In the rough-and-tumble world of business, my father was not without his detractors; but he could always count on my mother being his number one admirer. To this day I can never remember hearing her speak negatively about him to us or to anyone else. It's not that he didn't have some glaring weaknesses (though she sometimes gives that impression!), but rather that she was scarcely conscious of the negatives because of her deep, genuine admiration for him.

 

My dad had many idiosyncrasies that many wives would have considered obsessive or intolerable. For example, he was compulsive about cleanliness, about not being disturbed while sleeping or napping and about eating three meals a day at precisely the same time. He had peculiar dietary restrictions and had little or no aptitude for domestic or mechanical matters. In each of these areas, I remember my mother simply adapting to his ways without making issues out of what are truly insignificant matters in the big picture.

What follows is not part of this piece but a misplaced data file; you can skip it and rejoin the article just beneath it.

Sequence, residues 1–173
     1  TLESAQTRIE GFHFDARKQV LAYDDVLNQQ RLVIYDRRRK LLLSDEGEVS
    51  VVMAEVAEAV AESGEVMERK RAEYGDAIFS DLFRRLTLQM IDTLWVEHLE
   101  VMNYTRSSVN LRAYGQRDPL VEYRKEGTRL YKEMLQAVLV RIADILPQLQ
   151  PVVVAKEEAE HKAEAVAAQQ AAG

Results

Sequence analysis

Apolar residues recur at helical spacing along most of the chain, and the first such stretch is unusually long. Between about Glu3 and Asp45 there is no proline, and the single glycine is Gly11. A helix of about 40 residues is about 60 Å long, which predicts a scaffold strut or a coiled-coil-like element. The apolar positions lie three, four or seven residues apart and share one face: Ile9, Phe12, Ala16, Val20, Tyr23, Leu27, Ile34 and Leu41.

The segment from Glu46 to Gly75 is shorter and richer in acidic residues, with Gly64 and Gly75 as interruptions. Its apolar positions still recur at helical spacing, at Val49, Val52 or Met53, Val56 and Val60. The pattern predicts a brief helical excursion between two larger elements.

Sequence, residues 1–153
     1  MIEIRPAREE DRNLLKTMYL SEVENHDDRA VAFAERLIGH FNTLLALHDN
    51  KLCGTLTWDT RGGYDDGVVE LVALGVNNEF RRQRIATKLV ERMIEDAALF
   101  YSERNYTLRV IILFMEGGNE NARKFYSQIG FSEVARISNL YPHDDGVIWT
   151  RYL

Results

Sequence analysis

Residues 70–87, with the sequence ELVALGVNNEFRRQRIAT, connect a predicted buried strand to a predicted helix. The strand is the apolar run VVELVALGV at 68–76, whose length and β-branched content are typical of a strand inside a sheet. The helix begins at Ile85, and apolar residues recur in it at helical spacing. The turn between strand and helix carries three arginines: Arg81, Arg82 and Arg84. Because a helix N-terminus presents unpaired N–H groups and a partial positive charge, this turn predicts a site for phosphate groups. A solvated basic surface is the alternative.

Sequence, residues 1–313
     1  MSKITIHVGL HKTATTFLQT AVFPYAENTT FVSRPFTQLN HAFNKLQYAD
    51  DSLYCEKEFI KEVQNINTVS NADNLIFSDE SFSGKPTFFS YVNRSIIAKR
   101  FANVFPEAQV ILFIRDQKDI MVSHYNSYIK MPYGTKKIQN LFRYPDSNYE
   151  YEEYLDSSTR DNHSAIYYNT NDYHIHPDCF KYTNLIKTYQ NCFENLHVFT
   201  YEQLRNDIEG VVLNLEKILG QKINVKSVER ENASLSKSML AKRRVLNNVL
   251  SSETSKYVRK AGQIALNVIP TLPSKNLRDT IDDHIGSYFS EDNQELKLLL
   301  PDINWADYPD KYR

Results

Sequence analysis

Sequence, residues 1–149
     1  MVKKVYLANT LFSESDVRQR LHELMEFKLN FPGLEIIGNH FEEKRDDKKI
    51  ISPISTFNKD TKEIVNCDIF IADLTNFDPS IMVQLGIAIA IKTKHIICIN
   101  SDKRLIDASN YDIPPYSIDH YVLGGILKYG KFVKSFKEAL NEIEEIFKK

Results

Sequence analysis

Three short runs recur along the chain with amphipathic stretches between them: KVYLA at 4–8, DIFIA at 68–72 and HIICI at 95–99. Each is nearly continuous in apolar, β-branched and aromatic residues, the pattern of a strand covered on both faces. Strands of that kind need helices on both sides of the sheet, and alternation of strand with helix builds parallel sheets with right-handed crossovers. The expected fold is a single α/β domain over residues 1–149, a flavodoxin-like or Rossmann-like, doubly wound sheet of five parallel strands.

Though their backgrounds were quite different, my mother supported my father by upholding the standards he established for our home. I realize now that they could not have had identical views on every issue, but rarely were we conscious of any disagreements about our family's basic values and practices.

My mother considered it the highest honor to be Mrs. Arthur DeMoss. By her example she taught me to be attentive and tuned to the needs of the men in my sphere of influence, to respect and honor them and to joyfully serve them and place their needs ahead of my own.